In the TTC’s ten working groups, it was clear that the United States and Europe stand together in support of Ukraine. For example, the working group on export controls has been instrumental in organizing sanctions and export controls against Russa – and the TTC is considered to be indispensable for transatlantic cooperation in this area.

The parties also made a commitment to secure supply chains in key areas, including semiconductors. This includes committing to an early warning system: Every two weeks, representatives from the United States and the European Union will meet to discuss shortages of semiconductors. Among many other things, Brussels and Washington also made a commitment to cooperate on food security. This should have a long-term effect in addition to addressing the unfolding global food crisis due to the conflict in Ukraine.

What Can We Expect from the G7 Summit?

Germany’s priorities for its G7 Presidency may have been in place before Russia invaded Ukraine, but their relevance has only been magnified by the current conflict. Ministerial meetings have been taking place to lay the foundation for the Summit on June 26-28 – and from what we’ve seen Germany is committed to strengthening democracies and democratic values, and the war in Ukraine underlines the importance of “resilient democracies.”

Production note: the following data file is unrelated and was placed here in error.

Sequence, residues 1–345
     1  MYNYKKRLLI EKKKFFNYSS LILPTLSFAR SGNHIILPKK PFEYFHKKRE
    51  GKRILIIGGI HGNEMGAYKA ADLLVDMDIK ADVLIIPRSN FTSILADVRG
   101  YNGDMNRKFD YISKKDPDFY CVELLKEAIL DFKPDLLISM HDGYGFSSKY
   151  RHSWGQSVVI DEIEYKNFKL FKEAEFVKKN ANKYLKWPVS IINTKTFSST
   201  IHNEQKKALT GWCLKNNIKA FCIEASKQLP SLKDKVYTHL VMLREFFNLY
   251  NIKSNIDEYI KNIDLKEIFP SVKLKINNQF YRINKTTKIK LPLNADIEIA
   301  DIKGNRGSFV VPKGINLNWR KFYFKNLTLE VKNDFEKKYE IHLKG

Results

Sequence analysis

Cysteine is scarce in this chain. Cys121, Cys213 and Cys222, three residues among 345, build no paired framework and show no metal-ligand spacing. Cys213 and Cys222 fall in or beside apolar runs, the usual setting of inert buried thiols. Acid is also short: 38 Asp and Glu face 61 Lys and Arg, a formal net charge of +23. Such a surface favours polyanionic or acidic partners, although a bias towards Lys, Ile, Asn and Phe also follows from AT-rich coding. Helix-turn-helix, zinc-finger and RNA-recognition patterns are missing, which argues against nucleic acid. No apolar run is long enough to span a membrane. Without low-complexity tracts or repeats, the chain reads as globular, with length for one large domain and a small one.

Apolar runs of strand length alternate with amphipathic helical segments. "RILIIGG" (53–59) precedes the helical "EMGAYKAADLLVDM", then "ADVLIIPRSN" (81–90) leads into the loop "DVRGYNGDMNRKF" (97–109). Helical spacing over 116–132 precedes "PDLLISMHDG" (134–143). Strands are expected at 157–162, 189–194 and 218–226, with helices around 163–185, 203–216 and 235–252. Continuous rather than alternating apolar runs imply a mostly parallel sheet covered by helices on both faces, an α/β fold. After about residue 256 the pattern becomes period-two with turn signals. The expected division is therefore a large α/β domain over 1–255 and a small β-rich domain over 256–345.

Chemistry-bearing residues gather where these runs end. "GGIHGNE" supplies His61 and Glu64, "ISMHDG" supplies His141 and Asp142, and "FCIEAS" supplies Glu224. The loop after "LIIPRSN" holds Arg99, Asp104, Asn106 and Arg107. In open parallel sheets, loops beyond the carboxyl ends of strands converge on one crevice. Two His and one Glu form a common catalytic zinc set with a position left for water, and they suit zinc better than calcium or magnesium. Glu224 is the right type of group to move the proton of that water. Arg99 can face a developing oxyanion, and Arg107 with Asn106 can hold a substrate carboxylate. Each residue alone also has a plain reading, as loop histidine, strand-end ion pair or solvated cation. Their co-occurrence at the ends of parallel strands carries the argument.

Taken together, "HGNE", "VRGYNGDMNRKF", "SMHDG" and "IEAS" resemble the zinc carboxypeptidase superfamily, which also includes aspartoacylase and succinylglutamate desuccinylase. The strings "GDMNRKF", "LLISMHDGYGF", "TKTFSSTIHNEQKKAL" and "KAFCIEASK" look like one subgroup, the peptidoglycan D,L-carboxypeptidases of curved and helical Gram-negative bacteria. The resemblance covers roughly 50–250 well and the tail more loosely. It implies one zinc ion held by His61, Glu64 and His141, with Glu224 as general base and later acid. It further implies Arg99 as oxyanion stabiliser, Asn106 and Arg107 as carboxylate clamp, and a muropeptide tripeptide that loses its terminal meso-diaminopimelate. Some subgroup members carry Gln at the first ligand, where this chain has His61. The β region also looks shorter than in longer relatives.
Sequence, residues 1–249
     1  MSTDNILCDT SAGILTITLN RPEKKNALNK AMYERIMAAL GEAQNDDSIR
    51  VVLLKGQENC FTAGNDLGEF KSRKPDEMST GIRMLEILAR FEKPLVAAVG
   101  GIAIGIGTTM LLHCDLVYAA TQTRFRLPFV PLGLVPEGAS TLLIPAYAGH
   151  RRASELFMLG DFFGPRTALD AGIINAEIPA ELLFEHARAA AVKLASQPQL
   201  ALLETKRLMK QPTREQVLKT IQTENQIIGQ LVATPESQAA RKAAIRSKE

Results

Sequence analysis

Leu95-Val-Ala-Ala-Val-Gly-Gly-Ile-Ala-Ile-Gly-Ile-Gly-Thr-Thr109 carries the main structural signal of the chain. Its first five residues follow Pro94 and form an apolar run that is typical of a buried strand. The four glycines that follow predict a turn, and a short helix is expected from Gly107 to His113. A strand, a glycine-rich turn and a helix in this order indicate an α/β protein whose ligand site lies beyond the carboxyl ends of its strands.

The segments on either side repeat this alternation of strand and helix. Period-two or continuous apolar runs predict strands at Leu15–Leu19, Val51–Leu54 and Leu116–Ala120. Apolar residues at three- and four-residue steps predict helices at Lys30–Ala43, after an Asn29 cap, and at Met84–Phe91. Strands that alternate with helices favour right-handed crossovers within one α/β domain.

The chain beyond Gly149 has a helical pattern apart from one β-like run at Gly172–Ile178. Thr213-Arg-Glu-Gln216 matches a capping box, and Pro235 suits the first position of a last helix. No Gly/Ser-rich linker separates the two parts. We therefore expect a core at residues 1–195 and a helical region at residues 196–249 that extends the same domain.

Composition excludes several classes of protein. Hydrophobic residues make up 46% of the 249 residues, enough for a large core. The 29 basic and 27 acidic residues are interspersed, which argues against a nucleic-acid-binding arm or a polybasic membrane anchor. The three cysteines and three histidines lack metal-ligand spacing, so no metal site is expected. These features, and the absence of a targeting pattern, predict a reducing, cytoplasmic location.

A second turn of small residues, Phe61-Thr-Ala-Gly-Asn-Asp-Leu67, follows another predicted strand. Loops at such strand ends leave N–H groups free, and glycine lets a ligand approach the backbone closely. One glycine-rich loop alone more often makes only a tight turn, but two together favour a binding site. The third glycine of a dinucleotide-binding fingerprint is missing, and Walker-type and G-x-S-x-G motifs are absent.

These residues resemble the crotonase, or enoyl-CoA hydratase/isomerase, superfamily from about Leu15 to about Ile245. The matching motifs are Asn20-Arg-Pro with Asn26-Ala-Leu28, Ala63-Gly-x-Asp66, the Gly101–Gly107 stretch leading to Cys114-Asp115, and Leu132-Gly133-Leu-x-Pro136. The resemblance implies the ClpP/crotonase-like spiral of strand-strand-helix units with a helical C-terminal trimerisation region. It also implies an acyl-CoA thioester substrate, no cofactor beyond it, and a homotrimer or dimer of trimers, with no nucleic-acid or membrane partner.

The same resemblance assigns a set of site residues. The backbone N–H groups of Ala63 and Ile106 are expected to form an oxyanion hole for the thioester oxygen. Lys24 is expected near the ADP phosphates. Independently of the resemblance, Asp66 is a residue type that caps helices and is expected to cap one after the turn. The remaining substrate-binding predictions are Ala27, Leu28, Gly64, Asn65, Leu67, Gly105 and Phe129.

Climate change and energy are also extremely important issues for Germany’s G7 Presidency. Germany envisions combating climate change by forming an open and inclusive “Climate Club” to show unity among nations. At the moment, G7 members employ diverse tactics to fight climate change. And, although there is some skepticism from Japan and the U.S., there is hope that a common approach can be developed through such a “Club.”

In the face of the pandemic, global public health remains a priority. There is also a desire to coordinate the United States’ Build Back Better World initiative and the European Union’s Global Gateway to work on financing sustainable infrastructure globally. Furthermore, Germany is also looking for multilateral approaches to address global food security and to ease today’s supply-chain issues.